MIAMI -- Things can change on a dime for prospects on any day. Take for example, Marlins prospect Marcell Ozuna: one night he was in Double-A Jacksonville, smacking five homers in 10 games. The next, he was answering questions about getting his first major league hit in his surprise debut (he was called up to replace an injured Giancarlo Stanton).
"This is a new experience," Ozuna said after his debut in Miami on Tuesday. "Since I was a little guy, this was my goal. I was real nervous. When the announcer called my name, I said 'Oh my god.' I feel great."
Playing in the minor leagues is a whirlwind and nothing really prepares you for that sudden debut. The Marlins didn't offer Ozuna much help before the game, merely saying, "Just swing at the ball and get better."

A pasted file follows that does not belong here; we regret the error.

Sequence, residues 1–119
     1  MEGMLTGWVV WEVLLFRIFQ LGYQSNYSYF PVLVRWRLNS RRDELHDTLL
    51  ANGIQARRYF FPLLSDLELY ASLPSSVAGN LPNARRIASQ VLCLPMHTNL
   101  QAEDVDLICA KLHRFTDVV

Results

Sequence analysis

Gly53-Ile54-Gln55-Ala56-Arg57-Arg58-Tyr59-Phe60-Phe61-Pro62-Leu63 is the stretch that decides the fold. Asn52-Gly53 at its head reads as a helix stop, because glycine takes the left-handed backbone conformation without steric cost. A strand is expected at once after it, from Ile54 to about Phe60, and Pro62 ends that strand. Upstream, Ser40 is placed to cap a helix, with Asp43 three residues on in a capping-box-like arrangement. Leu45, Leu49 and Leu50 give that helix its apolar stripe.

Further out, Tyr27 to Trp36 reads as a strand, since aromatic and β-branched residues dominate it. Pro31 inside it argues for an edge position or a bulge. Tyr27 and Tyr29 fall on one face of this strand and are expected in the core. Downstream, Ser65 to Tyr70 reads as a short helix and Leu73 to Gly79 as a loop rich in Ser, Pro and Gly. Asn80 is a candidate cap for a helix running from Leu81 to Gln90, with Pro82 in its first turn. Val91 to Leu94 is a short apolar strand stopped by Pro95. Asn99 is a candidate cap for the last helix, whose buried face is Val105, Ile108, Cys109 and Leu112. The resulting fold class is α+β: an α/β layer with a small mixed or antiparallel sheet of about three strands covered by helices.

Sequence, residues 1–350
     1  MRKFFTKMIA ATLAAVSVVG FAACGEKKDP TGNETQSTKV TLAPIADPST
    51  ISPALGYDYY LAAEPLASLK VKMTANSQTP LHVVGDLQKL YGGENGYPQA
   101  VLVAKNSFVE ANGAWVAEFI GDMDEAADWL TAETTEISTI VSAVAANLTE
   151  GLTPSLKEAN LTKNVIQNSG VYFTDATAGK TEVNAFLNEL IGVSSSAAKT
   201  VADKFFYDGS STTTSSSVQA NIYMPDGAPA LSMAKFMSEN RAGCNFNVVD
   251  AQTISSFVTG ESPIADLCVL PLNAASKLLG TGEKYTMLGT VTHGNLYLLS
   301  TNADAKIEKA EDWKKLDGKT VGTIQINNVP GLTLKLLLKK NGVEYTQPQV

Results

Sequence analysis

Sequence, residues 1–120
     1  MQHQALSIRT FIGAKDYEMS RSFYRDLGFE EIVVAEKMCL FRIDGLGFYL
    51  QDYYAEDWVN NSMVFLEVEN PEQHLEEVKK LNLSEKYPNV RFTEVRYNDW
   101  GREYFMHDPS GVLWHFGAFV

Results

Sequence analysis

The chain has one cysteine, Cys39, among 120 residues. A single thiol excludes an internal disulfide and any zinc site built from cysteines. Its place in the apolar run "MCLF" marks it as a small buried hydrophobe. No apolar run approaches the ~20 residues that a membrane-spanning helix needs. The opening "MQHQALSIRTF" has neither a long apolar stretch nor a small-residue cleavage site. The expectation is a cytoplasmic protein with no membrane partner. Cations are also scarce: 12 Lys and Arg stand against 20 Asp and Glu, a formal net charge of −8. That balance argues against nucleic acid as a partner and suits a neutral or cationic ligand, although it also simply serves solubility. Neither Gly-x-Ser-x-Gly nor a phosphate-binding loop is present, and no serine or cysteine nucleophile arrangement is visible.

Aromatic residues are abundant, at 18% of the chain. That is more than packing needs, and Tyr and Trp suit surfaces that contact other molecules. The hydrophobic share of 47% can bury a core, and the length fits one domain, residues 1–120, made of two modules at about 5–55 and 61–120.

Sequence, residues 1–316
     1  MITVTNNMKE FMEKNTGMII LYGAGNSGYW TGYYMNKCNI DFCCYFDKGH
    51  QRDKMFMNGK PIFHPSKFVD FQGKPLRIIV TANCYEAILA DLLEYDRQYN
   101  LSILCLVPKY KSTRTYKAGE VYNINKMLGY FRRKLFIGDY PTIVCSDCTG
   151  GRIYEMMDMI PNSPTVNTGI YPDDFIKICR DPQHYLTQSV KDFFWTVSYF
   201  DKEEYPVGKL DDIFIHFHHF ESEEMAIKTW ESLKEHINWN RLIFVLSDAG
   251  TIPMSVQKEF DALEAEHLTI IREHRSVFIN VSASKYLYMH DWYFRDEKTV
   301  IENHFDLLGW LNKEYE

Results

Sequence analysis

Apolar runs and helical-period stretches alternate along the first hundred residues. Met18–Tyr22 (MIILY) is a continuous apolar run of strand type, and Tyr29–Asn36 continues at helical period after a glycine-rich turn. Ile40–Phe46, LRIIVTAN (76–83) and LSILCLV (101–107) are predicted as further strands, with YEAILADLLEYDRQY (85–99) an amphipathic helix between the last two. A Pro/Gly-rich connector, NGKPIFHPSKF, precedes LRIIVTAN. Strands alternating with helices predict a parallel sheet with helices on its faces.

Ozuna knows major-league success can be fleeting, but he's done well for himself through three games, going 4-for-11 (.364) with a double and a mini three-game hit streak. As your typical free-swinging Dominican player, he knows he will stay as long as he hits.
Fantasy owners should not put too much stock in prospects. Often, they're a savior one day and a mere pawn the next.
Just look at third-base prospects Anthony Rendon of the Nationals and Nolan Arenado of the Rockies. Rendon arrived to fill in for Ryan Zimmerman (hamstring), hit .240 in eight games and was sent back down. The Rockies called up Arenado, designated Chris Nelson for assignment and watched Arenado go 3-for-6 with a homer, two RBI and three runs in his second game. Rendon was Arenado two weeks ago and now Arenado is the one sticking around.
For this week's prospect watch, we are going to treat the minor-leaguers as commodities in a stock market (all statistics are through Thursday's games).
Prospects to buy
Prospects to sell
Prospects to hold